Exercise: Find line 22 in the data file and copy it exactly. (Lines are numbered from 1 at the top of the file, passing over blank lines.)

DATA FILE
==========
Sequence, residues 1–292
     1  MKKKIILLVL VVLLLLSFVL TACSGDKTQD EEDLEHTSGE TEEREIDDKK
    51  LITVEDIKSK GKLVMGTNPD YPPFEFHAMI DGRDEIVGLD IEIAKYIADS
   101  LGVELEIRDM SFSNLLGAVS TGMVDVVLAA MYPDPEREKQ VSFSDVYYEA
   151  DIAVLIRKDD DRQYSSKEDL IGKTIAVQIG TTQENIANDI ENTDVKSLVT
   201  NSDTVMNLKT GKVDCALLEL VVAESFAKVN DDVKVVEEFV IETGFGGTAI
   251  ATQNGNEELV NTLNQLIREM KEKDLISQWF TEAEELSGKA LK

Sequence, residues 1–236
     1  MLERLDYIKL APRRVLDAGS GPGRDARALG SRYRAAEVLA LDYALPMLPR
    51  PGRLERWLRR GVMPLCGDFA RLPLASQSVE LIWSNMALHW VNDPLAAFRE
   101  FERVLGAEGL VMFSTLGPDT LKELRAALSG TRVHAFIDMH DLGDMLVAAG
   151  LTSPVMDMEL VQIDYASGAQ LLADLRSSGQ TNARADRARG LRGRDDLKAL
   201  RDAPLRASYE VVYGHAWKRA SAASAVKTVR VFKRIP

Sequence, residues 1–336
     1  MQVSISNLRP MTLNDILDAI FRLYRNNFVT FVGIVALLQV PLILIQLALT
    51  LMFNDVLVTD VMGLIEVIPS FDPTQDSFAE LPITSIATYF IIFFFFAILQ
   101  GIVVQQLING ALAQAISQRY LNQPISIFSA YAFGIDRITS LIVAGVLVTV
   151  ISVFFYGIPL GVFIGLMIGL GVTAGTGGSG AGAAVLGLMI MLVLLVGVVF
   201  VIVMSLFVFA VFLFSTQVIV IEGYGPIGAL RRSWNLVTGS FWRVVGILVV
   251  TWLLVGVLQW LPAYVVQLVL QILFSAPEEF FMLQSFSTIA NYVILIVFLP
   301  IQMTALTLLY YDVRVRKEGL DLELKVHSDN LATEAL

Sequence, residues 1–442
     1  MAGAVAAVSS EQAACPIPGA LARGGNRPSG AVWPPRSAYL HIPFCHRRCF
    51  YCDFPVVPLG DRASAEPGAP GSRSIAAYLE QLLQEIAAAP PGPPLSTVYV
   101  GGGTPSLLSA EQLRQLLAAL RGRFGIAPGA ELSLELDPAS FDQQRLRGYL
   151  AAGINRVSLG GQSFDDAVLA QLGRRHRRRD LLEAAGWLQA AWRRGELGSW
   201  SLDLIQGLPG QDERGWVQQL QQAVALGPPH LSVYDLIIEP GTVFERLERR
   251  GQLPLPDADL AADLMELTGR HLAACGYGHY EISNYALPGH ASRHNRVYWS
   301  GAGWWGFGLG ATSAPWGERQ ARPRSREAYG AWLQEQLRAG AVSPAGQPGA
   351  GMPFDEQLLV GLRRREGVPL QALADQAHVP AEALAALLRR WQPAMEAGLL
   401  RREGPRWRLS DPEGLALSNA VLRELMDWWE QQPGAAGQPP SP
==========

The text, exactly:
Sequence, residues 1–442